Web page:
a Head in Maya
is a million ways to model a head and there is no right
or wrong way, only different approaches. This is one
way to do it and it's just the basic steps involved,
but I hope You'll find this little tutorial useful.
you start You should be aware that modeling a head is
a long and time demanding process. There is a lot of
CV manipulation moving, stretching and rotating. The
process could easily take several hours, perhaps days.
I can only encourage You to keep up the good spirit
and continue. - Good Luck.
1 - The Curves
by drawing two curves with approx. 20 control points each,
starting inside the mouth. Its crucial that the two curves
has the same number of points. This makes the surface
a lot easier to work with. To make the next step easier,
make sure that the start points of the curves are aligned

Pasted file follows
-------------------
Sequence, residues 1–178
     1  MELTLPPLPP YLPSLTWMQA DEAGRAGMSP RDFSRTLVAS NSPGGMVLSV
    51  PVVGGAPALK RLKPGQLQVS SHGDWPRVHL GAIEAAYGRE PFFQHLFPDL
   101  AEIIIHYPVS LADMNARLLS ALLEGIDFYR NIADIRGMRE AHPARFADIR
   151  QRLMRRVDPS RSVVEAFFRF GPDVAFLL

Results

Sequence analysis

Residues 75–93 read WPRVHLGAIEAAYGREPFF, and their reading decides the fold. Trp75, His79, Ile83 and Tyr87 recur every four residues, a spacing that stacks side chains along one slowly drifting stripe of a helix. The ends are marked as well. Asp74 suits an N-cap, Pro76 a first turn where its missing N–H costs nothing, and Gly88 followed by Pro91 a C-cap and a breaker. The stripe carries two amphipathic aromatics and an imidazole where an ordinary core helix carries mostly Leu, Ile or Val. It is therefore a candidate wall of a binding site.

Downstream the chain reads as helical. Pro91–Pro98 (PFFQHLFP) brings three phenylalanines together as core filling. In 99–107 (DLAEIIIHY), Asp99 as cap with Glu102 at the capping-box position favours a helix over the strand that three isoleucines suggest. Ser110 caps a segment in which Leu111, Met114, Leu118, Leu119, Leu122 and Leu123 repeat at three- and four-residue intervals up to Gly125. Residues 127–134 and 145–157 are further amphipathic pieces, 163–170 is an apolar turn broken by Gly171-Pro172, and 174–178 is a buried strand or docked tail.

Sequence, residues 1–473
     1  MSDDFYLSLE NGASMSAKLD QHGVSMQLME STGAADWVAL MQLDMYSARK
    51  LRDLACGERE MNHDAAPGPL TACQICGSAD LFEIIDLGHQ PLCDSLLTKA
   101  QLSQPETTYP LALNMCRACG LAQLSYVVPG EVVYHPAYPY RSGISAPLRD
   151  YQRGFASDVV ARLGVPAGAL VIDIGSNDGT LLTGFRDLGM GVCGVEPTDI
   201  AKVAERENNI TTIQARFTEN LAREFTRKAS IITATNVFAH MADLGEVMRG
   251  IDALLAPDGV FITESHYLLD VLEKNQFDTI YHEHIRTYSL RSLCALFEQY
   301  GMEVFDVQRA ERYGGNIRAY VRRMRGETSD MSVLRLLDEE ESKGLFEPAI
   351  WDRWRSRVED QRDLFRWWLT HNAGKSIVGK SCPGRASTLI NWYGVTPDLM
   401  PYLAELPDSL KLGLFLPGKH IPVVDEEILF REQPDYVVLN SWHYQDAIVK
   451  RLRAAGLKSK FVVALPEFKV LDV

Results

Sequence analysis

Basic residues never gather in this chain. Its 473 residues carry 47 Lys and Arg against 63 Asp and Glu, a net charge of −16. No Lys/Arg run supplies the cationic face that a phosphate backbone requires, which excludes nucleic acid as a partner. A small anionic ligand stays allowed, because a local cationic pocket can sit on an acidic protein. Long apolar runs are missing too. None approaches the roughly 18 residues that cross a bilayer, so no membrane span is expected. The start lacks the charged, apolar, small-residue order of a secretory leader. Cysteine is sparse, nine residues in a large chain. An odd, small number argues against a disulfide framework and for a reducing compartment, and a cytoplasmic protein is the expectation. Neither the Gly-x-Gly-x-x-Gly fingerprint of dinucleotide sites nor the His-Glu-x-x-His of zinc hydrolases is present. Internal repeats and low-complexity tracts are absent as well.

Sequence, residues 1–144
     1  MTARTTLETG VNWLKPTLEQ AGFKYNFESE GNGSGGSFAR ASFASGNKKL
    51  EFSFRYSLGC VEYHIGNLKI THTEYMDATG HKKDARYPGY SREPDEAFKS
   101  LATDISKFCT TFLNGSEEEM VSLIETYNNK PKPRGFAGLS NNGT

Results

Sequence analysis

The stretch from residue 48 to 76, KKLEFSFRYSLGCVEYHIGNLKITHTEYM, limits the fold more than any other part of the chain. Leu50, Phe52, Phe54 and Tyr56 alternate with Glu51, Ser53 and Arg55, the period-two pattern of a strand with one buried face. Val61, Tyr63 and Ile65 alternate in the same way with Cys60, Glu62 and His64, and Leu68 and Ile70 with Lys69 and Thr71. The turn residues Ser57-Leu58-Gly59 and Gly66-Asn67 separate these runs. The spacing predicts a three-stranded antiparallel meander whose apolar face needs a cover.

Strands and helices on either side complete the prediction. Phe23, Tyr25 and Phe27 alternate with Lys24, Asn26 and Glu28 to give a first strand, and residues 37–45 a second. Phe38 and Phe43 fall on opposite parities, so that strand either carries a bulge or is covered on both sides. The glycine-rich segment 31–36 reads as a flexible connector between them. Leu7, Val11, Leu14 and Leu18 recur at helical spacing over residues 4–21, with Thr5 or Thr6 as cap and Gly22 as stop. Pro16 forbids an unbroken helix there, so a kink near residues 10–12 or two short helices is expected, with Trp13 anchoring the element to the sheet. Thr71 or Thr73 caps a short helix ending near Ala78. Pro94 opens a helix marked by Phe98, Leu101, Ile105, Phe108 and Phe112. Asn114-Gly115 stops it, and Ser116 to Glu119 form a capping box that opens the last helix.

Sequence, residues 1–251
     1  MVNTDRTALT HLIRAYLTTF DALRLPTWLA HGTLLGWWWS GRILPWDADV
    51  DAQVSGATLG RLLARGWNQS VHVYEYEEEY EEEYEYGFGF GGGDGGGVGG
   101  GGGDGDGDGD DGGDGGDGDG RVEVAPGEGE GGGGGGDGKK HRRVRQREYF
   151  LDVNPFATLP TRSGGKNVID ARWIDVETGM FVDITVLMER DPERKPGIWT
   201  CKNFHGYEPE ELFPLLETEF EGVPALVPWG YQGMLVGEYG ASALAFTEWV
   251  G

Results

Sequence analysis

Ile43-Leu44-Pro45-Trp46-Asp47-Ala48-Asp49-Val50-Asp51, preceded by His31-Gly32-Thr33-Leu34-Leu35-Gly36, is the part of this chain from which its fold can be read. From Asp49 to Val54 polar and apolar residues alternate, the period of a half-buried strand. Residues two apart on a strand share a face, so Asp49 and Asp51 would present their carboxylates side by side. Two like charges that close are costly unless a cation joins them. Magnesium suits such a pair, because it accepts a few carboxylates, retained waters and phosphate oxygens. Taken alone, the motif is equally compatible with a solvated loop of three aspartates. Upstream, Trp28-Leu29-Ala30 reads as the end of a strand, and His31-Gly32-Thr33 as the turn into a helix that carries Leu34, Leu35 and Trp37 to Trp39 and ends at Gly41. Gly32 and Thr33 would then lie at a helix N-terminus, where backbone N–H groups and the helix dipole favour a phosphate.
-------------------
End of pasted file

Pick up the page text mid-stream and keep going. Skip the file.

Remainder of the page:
in the X direction
2 - Building the surface
a circle as a shape and align it inside the mouth as
shown in figure 2. The Shape has to touch the two rail
curves or the Maya won't create the surface - annoying
- yes, but that's life hehe. Select Surfaces->Birail
1 and turn on Proportional. If the surface is created
with Non-proportional you will get a flat surface .
Click on the Shape, then the 1st rail curve and finally
the 2nd rail. Hit Enter to accept and have Maya create
the Birail surface.
should now have a surface like Figure 3. The surface has
a strange look in the mouth area, but don't worry, we'll
3 - Fixing the surface
its time for the promised and tedious CV manipulation!!.
Hit F8 and select the CV's that is on the wrong side
of the axis - See figure 4.
move the selected CV's on the other side of the axis.
You might have to move the CV's in two or three steps
to get them all on the right side.
figure 5 the CV's have been moved and as you can see,
the surface is still not looking right.
4 - Forming the surface
Now this is where You take over. Start moving the CV's
until you have the surface in the basic shape of a head.
Don't worry about detail - this can be added later.
should concentrate on getting the basic shape around
the nose and cheeks. Try to keep the CV's evenly spread
over the surface to avoid kinks in the surface, these